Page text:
Can we have INTERESTS, instead of "SOCIALIZATION"?

Why is it so hard to choose between online INTERESTS and online “friends”?

Can we have INTERESTS, instead of "SOCIALIZATION"? /img/social-graphs.jpg

A few months ago, Eugene Weis shared some thoughts on [how to build the “second era of social media in the West”. I find that post important because it tackles a problem that has really, really bugged me since when I first joined social media, and still does.

I refer to what Weis calls “approximating an interest graph using a social graph”, and describes in this way:

  • most social media apps serve up an infinite… feed populated by content that is assumed to be interesting - that is an “interest graph” - because it is posted by the accounts the user follows - that is her social graph
  • but this conflation and merging of “social connections” with “interests” has “negative network effects that kick in at scale”
  • those negative effects are the obvious fact that we all are “rarely interested in everything from any single person you follow”, and “don’t always find the people we know to be that entertaining”

Boy, do I feel that pain

In the past years, I have been forced to unfollow many people that I should have followed for my work, because they lead lots of valid, very interesting projects. But they couldn’t help drowning those news under a non-stop stream of stuff I couldn’t care less, from pictures of their pets to what they had had for dinner.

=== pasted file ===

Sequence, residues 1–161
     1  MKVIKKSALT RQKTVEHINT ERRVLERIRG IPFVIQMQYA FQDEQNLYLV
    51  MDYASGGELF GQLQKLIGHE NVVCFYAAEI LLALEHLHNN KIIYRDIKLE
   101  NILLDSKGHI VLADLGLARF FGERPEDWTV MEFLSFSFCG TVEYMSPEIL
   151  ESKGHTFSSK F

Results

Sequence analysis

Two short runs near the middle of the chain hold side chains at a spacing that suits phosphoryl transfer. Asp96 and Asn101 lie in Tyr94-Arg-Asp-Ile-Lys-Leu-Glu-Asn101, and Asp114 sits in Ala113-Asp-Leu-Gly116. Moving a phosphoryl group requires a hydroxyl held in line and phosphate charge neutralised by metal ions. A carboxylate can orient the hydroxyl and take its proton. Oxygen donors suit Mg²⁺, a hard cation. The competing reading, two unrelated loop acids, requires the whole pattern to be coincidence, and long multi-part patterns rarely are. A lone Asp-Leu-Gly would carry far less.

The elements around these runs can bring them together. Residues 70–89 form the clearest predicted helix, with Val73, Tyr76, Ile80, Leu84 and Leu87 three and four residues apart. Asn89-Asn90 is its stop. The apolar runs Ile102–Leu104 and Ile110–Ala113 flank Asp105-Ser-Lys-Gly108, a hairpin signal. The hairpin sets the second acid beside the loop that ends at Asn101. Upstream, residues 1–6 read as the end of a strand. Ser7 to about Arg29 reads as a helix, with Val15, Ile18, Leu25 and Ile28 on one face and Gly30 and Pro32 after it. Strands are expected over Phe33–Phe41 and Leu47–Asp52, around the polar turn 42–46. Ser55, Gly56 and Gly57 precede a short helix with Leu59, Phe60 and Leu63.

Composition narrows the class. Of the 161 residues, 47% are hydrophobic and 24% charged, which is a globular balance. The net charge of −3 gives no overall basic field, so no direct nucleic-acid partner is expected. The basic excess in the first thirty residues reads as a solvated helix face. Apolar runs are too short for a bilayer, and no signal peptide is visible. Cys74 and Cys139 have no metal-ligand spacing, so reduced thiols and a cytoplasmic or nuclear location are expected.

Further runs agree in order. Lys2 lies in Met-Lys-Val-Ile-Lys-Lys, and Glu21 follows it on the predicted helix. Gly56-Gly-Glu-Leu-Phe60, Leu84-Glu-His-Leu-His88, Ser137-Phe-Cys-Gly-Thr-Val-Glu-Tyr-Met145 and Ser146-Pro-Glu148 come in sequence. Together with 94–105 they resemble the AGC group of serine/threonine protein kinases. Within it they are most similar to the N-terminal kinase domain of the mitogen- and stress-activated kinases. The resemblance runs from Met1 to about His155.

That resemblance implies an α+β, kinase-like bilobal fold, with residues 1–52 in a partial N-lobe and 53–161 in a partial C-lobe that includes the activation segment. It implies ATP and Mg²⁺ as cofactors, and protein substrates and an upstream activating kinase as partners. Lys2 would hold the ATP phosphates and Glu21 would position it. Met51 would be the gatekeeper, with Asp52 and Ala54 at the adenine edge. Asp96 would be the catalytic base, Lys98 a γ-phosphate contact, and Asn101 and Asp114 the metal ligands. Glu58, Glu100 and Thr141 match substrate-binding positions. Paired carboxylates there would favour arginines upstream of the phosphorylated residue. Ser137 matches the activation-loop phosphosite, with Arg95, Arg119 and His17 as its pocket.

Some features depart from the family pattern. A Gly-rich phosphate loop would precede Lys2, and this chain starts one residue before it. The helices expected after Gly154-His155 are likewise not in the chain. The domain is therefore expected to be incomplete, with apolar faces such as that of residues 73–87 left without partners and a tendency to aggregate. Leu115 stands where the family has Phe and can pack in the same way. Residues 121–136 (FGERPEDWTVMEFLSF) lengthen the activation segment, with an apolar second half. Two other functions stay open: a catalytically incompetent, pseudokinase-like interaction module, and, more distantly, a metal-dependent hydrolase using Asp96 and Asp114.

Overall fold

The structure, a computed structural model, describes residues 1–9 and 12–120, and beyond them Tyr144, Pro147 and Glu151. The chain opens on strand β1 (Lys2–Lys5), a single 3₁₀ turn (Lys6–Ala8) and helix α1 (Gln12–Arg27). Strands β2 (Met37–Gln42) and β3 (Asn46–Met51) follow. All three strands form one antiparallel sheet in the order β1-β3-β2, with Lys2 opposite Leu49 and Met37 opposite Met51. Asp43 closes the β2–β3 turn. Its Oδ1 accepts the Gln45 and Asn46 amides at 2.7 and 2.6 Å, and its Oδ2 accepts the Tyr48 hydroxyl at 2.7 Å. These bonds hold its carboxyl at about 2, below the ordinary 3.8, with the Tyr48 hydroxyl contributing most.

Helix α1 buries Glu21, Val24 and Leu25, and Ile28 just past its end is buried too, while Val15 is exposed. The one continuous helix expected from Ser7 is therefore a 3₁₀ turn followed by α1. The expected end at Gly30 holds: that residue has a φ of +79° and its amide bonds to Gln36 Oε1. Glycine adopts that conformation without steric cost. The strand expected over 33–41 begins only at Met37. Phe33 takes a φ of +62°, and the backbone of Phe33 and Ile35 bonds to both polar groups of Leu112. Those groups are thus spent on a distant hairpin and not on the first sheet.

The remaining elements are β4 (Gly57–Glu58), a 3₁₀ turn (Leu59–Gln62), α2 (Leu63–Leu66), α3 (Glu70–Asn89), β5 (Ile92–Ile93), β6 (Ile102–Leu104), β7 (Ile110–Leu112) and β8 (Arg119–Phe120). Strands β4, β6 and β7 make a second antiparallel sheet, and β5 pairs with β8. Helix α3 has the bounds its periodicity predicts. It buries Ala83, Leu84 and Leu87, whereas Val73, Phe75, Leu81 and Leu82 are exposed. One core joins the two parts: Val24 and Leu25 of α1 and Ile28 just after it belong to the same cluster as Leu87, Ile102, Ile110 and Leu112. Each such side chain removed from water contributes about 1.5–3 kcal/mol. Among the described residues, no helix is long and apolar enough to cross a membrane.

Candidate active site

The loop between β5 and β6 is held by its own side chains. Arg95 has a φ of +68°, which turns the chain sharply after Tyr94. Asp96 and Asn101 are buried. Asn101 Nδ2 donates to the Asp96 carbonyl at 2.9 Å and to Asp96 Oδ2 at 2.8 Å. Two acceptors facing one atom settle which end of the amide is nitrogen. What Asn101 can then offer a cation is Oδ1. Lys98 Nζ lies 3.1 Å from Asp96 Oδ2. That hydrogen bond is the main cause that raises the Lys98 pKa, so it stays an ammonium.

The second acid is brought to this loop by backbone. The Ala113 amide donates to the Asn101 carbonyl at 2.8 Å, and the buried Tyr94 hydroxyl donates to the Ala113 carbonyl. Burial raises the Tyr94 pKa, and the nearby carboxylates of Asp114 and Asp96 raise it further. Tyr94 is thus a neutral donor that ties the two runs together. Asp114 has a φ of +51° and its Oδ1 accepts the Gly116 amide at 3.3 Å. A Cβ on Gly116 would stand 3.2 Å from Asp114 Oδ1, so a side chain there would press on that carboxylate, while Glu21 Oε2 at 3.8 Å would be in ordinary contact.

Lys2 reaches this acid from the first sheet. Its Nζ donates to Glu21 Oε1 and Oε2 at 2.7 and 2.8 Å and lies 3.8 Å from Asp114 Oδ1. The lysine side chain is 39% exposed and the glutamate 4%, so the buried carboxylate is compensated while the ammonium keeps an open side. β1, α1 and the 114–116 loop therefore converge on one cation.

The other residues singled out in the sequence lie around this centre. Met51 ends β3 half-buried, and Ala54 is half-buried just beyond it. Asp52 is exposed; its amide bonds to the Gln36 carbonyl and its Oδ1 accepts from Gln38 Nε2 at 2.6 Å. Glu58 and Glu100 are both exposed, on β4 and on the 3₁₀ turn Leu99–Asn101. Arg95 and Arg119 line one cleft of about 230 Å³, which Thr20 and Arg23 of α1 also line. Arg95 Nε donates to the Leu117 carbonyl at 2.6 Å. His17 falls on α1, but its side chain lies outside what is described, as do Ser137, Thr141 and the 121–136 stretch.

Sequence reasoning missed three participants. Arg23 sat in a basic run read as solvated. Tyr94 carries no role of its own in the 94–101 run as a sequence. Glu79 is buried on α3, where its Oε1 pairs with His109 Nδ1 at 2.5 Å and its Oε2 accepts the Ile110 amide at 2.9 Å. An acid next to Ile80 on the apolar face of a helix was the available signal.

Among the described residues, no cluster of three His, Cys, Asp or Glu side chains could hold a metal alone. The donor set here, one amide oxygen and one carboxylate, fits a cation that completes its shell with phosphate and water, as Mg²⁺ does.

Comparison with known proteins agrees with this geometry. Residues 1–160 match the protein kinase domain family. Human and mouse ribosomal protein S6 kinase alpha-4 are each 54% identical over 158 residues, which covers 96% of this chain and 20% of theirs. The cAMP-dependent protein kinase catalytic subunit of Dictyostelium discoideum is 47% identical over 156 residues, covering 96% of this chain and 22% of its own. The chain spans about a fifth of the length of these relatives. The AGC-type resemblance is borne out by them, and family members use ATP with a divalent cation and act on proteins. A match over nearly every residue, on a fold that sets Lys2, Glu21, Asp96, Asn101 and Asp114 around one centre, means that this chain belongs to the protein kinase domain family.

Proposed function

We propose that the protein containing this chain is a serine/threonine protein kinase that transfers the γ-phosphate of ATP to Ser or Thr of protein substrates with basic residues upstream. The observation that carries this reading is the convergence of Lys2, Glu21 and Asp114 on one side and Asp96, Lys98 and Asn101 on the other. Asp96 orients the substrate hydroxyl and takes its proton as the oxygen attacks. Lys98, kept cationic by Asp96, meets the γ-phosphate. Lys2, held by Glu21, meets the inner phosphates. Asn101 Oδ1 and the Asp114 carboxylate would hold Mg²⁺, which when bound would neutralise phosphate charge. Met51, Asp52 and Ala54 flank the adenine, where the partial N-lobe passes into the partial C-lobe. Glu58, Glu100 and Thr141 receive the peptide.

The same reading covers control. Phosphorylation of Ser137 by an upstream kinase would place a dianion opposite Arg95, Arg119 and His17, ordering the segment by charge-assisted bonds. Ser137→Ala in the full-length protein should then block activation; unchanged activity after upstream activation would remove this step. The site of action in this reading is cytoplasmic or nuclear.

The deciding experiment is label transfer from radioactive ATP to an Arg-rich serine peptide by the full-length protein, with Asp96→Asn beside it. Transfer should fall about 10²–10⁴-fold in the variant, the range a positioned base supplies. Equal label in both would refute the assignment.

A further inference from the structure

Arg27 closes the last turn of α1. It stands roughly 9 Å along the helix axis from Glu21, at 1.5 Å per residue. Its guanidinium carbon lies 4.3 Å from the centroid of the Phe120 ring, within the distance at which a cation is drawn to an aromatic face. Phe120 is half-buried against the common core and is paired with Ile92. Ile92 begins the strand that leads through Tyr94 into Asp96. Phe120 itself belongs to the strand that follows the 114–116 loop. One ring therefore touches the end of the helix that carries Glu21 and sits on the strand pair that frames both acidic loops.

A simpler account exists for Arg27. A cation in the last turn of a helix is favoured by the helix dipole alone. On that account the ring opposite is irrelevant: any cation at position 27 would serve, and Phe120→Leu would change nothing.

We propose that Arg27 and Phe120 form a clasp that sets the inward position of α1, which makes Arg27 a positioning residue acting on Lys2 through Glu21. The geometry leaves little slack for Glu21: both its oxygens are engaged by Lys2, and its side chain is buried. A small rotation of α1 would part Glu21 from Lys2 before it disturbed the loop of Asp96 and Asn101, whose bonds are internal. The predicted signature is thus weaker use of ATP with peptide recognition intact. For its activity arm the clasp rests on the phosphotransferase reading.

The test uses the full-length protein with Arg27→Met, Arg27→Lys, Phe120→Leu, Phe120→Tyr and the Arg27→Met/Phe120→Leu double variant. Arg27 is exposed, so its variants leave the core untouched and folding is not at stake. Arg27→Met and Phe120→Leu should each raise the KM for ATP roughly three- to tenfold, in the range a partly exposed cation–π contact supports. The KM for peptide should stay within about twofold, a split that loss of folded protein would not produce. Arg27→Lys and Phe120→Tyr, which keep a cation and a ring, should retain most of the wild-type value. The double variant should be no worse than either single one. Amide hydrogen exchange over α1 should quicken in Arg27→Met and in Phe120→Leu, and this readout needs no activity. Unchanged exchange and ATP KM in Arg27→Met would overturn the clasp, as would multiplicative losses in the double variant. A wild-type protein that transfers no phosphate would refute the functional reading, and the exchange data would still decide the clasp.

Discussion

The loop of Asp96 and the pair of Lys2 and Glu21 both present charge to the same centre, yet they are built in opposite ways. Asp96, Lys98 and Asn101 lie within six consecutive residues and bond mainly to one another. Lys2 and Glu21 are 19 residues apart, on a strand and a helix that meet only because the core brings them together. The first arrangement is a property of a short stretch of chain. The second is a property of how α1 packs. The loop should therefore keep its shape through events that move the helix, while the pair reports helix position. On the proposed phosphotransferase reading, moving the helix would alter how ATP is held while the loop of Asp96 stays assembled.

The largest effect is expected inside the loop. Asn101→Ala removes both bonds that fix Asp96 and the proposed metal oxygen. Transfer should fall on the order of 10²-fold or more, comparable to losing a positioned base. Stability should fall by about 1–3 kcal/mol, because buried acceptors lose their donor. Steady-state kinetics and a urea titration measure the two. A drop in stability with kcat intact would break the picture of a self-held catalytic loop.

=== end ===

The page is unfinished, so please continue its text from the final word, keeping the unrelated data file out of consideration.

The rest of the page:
And no, in case you are wondering, they cannot be bothered to e.g. keep the pets and cocktails on their personal profile, while building a page or group just for work, or even just participating into existing groups on the same topics. Or to at least tag properly every post they make.

Is this really a “western” problem?

Or, more exactly a western-ONLY problem? Wei writes that “this is a problem unique to Western social media design. In conflating the social graph and the interest graph, we’ve introduced a content matching problem that needn’t exist."

Do YOU agree?